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Possible fatal virus found in horses at Sunland Racetrack

The New Mexico Livestock Board and the New Mexico Racing Commission are working with officials at Sunland Park Racetrack to ensure that a horse-specific virus is limited to just the few racehorses confirmed positive this week.

Several barns at Sunland Park Racetrack are under quarantine following confirmation of Equine Herpes Virus (EHV), specifically EHV-1.

The Livestock Board is taking extra precautions by restricting horse movement to and from the area that includes Sunland Park Racetrack, as well as local horse-training centers Frontera, Jovi, and Lazy S.

There are several strains of EHV; none of them are transmissible to humans. Early reports suggesting the strain was EHV-4 – which produces mainly respiratory problems – were erroneous.

The strain confirmed in the five horses at Sunland Park was the neurotropic form of EHV-1, which can cause severe neurological problems in horses. The first confirmation was made Thursday.

According to the American Association of Equine Practitioners, EHV-1 is contagious and spread through contact: either directly from horse to horse, or indirectly via human handlers, feed and water buckets, grooming gear, riding tack, and trailers.

Biosecurity measures being taken include isolating horses confirmed to have EHV-1; cleaning and disinfecting any surfaces or items horses may come into contact with; controlling foot traffic within the racetrack; providing plastic boot covers for personnel whose movement around the premises is essential; and sanitizing footwear and clothing.

“It’s mandatory that, twice a day, the temperature of every horse on the grounds is taken, logged, and reported to both Sunland Park and to the Racing Commission,” said Dan Fick, acting director of the New Mexico Racing Commission. Fever is a major indicator of EHV-1.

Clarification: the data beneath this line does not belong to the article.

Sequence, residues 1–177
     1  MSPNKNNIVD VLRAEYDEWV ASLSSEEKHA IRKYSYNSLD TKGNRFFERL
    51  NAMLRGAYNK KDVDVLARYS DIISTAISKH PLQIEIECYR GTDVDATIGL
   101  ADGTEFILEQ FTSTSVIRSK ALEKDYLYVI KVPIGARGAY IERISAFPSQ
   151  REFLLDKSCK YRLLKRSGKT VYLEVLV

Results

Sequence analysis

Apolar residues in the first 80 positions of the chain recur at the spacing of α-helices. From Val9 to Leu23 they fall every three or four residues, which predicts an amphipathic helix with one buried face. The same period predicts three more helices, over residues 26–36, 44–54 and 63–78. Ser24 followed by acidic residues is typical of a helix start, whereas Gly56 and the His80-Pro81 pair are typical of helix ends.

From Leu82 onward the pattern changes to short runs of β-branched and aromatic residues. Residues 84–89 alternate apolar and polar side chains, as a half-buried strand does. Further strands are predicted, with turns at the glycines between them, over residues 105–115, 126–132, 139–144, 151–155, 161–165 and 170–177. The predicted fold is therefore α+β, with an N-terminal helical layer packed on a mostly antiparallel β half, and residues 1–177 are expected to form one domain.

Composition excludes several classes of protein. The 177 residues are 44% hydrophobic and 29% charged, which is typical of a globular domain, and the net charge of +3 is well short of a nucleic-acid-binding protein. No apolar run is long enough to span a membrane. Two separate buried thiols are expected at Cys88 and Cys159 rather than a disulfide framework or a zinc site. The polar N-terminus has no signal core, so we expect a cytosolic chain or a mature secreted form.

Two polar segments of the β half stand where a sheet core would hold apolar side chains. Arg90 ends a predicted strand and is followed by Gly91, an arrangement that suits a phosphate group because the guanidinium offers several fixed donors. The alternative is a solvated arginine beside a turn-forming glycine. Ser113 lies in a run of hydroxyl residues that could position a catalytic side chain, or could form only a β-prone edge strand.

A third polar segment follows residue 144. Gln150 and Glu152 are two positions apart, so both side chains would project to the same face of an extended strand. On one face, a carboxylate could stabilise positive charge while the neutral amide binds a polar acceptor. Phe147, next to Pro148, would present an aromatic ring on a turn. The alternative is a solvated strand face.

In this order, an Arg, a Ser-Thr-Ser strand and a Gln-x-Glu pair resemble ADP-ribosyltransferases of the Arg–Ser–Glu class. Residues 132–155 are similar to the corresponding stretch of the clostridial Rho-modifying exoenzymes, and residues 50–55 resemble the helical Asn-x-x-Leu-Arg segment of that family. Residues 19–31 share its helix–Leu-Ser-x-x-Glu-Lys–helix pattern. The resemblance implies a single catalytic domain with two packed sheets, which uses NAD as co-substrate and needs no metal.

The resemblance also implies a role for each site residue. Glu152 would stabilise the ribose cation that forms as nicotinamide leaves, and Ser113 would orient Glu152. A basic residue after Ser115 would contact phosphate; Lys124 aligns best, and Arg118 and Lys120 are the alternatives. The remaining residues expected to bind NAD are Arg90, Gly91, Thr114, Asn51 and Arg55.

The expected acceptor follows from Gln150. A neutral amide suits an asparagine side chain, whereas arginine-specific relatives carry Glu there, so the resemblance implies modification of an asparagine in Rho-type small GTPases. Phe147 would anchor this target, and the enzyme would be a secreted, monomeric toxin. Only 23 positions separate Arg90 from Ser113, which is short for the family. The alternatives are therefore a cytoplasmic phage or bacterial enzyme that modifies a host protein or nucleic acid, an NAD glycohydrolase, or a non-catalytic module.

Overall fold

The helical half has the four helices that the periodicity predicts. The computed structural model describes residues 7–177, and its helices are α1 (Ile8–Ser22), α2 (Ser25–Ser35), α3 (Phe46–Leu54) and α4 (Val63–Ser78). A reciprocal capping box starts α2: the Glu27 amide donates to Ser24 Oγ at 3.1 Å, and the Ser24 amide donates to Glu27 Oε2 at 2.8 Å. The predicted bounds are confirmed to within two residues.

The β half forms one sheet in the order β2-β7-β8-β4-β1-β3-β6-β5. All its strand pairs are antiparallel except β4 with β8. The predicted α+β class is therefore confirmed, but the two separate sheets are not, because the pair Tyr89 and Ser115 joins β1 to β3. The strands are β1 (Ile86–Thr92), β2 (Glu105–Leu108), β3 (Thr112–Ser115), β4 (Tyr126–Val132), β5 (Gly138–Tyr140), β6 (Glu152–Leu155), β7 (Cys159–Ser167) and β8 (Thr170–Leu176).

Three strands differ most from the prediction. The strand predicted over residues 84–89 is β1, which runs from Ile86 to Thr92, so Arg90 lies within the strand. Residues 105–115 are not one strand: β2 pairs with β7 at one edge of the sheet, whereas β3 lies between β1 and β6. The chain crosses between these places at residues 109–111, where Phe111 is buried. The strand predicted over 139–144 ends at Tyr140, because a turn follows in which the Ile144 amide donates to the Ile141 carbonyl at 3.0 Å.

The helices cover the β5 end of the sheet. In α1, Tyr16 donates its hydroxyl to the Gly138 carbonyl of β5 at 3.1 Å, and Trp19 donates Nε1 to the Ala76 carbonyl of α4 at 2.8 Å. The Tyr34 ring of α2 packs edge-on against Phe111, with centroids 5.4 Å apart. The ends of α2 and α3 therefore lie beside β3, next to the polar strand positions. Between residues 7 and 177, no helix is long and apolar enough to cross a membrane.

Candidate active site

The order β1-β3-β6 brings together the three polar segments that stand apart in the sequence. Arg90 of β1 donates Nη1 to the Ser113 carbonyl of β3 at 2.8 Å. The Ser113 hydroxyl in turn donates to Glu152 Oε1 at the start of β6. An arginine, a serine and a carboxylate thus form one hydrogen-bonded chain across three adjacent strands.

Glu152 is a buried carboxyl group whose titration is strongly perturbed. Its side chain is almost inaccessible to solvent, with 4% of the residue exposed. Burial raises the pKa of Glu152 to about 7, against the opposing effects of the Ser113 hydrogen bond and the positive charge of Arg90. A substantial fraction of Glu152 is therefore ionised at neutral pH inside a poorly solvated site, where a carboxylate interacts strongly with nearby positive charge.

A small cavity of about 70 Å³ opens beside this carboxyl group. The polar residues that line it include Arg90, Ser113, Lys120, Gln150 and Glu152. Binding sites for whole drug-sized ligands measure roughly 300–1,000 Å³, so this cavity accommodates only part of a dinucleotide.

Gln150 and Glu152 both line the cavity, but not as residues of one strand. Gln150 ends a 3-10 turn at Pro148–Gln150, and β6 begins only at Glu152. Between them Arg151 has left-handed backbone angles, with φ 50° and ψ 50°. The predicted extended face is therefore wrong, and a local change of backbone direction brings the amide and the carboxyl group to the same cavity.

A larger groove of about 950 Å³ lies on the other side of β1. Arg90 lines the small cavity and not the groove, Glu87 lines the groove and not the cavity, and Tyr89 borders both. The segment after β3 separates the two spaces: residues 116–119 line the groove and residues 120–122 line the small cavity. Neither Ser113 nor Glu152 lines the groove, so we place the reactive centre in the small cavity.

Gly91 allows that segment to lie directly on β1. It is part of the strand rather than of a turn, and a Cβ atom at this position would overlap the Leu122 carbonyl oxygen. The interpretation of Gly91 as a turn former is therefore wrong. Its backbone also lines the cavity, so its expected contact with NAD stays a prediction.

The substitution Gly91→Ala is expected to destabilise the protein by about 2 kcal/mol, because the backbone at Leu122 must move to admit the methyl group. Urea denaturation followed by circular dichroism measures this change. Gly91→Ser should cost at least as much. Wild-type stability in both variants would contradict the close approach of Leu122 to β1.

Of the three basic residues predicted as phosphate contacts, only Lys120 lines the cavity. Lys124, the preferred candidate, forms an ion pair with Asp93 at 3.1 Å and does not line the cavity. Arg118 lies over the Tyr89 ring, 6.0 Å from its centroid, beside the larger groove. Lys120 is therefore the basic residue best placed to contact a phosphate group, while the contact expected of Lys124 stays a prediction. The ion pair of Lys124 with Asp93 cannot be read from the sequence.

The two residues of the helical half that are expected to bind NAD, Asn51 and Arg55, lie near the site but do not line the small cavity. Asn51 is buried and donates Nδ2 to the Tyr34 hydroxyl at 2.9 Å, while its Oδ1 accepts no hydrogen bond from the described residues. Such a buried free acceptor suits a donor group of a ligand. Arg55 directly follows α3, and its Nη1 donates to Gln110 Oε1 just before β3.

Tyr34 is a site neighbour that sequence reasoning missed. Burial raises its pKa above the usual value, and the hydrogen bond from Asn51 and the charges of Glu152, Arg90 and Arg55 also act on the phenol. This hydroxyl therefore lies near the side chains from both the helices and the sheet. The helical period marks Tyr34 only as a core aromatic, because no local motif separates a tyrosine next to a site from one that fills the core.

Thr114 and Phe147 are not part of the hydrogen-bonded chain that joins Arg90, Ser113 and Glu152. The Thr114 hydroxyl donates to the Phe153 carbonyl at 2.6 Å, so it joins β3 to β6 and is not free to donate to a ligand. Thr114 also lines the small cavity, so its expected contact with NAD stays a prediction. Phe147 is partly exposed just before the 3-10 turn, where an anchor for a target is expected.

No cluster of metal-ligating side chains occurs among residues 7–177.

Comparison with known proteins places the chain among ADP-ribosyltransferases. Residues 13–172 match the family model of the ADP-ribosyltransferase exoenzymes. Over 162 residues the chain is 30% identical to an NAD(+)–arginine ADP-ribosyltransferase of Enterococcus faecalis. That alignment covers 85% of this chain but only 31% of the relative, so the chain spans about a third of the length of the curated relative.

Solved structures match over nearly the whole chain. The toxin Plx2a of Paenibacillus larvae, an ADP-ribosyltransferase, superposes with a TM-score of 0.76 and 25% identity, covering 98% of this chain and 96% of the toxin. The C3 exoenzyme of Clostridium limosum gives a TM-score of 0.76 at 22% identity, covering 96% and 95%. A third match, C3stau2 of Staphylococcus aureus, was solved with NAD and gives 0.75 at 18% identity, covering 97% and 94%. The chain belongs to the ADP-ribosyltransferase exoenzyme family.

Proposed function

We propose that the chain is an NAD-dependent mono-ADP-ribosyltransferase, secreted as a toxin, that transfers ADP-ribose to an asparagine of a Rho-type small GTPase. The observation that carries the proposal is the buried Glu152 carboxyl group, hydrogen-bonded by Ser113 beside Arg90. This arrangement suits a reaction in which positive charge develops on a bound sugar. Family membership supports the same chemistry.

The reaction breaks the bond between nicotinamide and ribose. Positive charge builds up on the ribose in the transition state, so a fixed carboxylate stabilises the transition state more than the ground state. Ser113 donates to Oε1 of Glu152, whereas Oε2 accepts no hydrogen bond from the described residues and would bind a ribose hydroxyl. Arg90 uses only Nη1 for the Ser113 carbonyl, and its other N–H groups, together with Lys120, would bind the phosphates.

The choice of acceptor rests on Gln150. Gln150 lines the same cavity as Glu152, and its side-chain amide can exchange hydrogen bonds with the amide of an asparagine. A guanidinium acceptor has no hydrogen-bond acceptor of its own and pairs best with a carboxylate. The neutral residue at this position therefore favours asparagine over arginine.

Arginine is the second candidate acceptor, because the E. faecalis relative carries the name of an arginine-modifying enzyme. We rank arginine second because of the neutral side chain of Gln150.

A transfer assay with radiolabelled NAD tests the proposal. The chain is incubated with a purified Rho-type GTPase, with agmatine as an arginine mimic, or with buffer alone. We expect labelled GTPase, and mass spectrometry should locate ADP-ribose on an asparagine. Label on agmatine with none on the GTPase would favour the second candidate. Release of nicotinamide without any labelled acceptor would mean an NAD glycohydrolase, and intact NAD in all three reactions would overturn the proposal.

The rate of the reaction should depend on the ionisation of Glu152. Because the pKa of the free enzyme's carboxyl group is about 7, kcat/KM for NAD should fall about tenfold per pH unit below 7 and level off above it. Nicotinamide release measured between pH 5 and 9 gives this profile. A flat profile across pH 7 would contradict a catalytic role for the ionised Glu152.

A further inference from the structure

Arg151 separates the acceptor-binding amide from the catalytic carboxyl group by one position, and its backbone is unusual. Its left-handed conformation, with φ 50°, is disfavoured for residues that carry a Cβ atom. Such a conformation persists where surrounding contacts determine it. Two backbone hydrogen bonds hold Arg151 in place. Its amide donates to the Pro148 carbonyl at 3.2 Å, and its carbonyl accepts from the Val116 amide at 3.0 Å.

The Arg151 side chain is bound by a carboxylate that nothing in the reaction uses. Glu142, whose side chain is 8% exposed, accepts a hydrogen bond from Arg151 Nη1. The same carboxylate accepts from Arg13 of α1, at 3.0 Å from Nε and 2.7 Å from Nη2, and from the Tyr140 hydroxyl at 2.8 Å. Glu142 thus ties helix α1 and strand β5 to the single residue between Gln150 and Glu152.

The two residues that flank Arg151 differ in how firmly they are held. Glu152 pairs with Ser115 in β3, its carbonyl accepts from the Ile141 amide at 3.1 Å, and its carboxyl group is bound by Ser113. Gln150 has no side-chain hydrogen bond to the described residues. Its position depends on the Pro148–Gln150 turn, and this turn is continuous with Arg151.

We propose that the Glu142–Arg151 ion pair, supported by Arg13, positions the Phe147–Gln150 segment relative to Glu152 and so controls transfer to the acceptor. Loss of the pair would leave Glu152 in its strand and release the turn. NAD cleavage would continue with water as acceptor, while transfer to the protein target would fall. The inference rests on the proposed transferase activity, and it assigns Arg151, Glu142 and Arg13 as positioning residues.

Samples are being taken from horses suspected of having the virus. Those samples are being submitted for testing at New Mexico Department of Agriculture’s (NMDA) Veterinary Diagnostic Services laboratory in Albuquerque.

In addition to state government’s regulatory measures, Sunland Park is taking its own steps to control the potential spread of the virus.

“In the interest of equine safety, Sunland Park Racetrack is postponing racing for an initial period of 14 days,” Rick Baugh, general manager of Sunland Park Racetrack, said. “I’d like to thank all the agencies involved, as well as our horsemen, for their cooperation and support as we take a proactive approach to protect our horses and make a quick return to live racing.”

Horsemen who have recently had horses at Sunland Park Racetrack are advised to contact their veterinarian for medical questions and to contact the Livestock Board for quarantine questions.

Officials with the Livestock Board, Racing Commission, and Sunland Park Racetrack will continue to work together to resolve the issue.

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